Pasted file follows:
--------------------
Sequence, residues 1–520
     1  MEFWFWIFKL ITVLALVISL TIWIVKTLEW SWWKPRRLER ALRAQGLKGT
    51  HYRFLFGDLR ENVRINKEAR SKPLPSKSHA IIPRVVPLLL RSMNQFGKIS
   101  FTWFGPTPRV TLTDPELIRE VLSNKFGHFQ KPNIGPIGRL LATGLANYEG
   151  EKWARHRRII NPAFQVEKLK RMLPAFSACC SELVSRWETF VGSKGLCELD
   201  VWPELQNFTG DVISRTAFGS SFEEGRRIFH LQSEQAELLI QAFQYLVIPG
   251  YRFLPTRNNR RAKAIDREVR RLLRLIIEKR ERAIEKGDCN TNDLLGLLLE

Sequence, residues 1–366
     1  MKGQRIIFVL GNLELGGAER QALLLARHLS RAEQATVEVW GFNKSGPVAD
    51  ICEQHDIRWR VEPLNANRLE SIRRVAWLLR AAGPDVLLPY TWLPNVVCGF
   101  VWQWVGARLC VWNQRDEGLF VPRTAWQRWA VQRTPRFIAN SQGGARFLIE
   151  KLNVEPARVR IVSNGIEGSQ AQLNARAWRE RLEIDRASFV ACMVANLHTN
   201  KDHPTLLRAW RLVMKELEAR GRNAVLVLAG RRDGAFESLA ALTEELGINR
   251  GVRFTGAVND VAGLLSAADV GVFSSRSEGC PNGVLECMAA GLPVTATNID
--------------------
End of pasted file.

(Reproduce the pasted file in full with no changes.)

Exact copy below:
Sequence, residues 1–520
     1  MEFWFWIFKL ITVLALVISL TIWIVKTLEW SWWKPRRLER ALRAQGLKGT
    51  HYRFLFGDLR ENVRINKEAR SKPLPSKSHA IIPRVVPLLL RSMNQFGKIS
   101  FTWFGPTPRV TLTDPELIRE VLSNKFGHFQ KPNIGPIGRL LATGLANYEG
   151  EKWARHRRII NPAFQVEKLK RMLPAFSACC SELVSRWETF VGSKGLCELD
   201  VWPELQNFTG DVISRTAFGS SFEEGRRIFH LQSEQAELLI QAFQYLVIPG
   251  YRFLPTRNNR RAKAIDREVR RLLRLIIEKR ERAIEKGDCN TNDLLGLLLE

Sequence, residues 1–366
     1  MKGQRIIFVL GNLELGGAER QALLLARHLS RAEQATVEVW GFNKSGPVAD
    51  ICEQHDIRWR VEPLNANRLE SIRRVAWLLR AAGPDVLLPY TWLPNVVCGF
   101  VWQWVGARLC VWNQRDEGLF VPRTAWQRWA VQRTPRFIAN SQGGARFLIE
   151  KLNVEPARVR IVSNGIEGSQ AQLNARAWRE RLEIDRASFV ACMVANLHTN
   201  KDHPTLLRAW RLVMKELEAR GRNAVLVLAG RRDGAFESLA ALTEELGINR
   251  GVRFTGAVND VAGLLSAADV GVFSSRSEGC PNGVLECMAA GLPVTATNID